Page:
Publication Date: January 2003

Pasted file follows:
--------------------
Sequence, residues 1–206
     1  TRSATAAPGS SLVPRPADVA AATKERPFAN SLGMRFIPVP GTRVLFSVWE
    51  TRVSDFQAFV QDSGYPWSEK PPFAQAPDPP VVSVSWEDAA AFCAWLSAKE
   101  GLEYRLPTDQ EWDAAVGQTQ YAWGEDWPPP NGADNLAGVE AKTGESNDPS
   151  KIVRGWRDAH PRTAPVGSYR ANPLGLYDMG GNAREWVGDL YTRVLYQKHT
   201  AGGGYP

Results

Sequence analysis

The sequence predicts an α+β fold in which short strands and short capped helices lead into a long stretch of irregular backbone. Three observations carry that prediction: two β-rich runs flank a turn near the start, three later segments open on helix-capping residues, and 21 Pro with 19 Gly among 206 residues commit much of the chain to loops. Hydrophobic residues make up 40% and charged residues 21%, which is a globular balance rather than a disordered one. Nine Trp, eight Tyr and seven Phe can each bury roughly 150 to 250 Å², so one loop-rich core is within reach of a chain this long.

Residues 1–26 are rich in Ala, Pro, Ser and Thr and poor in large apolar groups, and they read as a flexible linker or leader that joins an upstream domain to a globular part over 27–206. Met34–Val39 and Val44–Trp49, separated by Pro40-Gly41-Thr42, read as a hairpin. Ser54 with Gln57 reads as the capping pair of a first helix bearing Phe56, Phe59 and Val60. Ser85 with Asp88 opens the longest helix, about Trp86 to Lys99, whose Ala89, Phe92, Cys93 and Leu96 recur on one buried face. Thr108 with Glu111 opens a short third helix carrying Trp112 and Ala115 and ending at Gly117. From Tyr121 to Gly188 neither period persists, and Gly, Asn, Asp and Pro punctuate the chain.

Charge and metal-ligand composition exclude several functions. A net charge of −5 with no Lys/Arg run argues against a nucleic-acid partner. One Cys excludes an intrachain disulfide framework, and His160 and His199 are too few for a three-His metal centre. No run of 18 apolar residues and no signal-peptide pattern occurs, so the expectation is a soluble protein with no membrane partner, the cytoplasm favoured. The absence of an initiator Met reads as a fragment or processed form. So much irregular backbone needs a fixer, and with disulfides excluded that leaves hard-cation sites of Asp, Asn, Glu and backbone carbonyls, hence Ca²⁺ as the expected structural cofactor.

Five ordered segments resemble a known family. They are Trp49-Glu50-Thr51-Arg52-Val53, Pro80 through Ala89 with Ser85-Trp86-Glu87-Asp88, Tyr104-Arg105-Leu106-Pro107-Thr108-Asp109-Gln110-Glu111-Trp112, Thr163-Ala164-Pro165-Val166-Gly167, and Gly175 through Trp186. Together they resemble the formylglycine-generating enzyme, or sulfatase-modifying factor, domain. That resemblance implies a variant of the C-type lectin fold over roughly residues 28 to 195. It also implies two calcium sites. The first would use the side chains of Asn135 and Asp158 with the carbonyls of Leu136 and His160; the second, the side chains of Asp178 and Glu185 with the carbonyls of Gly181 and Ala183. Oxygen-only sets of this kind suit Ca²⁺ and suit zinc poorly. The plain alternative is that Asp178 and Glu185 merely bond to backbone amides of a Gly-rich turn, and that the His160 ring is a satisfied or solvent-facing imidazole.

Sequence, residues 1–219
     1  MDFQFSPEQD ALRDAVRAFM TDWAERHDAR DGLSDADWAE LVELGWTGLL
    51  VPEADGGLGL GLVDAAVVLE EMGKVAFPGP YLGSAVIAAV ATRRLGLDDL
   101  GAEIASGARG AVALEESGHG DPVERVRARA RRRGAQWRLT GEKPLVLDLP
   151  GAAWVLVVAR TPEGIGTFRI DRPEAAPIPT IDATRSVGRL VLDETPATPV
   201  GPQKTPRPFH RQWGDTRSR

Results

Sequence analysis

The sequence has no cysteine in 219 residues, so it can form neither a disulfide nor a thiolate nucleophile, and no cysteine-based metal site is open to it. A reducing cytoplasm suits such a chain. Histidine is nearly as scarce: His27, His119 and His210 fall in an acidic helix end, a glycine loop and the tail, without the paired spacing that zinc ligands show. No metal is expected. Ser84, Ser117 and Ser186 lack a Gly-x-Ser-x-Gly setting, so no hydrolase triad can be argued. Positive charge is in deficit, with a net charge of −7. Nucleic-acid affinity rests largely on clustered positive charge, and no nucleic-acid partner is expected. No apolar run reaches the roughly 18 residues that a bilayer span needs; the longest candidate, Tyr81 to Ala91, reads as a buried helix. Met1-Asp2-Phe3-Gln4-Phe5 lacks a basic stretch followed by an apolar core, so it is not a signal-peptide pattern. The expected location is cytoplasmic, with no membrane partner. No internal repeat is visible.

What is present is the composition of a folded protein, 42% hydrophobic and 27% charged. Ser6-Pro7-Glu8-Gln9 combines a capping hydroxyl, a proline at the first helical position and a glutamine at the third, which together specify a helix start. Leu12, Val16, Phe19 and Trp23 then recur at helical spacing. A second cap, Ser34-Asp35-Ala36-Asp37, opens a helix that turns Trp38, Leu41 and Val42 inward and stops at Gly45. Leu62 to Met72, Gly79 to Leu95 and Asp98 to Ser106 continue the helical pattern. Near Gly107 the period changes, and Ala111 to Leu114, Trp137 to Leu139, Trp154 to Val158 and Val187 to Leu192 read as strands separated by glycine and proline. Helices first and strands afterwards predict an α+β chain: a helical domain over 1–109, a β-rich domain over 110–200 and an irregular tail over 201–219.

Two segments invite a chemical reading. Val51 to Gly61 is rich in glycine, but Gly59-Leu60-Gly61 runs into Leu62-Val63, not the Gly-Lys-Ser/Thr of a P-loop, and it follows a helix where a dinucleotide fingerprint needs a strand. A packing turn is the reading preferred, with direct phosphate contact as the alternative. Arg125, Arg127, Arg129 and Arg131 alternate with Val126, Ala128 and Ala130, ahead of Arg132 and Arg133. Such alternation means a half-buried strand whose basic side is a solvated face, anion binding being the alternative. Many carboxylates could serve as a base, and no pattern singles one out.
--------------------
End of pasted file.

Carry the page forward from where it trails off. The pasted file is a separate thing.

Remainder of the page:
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Stories by the renowned Russian wizard, now available in a paperback edition. Victor Pelevin is "the only young Russian novelist to have made an impression in the West" (Village Voice). A Werewolf Problem in Central Russia, the second of Pelevin's Russian Booker Prize-winning short story collections, continues his Sputnik-like rise. The writers to whom he is frequently compared -- Kafka, Bulgakov, Philip K. Dick, and Joseph Heller -- are all deft fabulists, who find fuel for their fires in society's deadening protocol. "At the very start of the third semester, in one of the lectures on Marxism-Leninism, Nikita Dozakin made a remarkable discovery, " begins the story "Sleep." Nikita's discovery is that everyone around him, from parents to television talk-show hosts, is actually asleep. In "Vera Pavlova's Ninth Dream, " the attendant in a public toilet finds that her researches into solipsism have dire and diabolical consequences. In the title story, a young Muscovite, Sasha, stumbles upon a group of people in the forest who can transform themselves into wolves. As Publishers Weekly noted, "Pelevin's allegories are reminiscent of children's fairy tales in their fantastic depictions of worlds within worlds, solitary souls tossed helplessly among them." Pelevin -- whom Spin called "a master absurdist, a brilliant satirist of things Soviet, but also of things human" -- carries us in A Werewolf Problem in Central Russia to a land of great sublimity and black comic brilliance. Born in 1962 in Moscow, Victor Pelevin is the great chronicler of Perestroika-era decay.